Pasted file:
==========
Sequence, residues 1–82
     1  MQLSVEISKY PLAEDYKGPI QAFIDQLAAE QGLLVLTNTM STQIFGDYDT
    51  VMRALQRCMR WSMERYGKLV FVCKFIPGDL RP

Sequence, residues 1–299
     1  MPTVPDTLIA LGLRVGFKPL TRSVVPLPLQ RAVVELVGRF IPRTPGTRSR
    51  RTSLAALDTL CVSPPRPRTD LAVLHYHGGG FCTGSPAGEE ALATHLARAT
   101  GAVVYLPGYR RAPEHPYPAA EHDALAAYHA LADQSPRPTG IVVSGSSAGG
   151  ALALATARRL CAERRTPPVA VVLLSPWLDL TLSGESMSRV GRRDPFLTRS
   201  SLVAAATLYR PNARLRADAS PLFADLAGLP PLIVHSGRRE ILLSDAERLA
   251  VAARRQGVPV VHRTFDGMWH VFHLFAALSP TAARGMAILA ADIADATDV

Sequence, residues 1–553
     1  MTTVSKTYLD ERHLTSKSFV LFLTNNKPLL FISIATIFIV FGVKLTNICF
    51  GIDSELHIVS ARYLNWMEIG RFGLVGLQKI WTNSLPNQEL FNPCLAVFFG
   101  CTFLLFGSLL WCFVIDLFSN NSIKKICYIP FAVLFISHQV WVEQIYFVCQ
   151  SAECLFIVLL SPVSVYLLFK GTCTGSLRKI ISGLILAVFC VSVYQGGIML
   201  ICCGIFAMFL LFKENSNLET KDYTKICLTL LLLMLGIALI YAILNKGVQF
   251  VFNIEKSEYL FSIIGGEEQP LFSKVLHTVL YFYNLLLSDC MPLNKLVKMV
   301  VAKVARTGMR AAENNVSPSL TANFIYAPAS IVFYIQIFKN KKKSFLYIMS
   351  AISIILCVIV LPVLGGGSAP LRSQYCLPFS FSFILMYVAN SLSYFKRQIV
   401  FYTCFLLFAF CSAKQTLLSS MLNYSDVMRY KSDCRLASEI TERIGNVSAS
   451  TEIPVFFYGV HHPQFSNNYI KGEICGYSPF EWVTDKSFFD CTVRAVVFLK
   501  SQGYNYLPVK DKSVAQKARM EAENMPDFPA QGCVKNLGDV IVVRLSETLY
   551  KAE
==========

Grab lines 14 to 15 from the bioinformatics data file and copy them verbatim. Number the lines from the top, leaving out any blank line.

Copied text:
   101  CTFLLFGSLL WCFVIDLFSN NSIKKICYIP FAVLFISHQV WVEQIYFVCQ
   151  SAECLFIVLL SPVSVYLLFK GTCTGSLRKI ISGLILAVFC VSVYQGGIML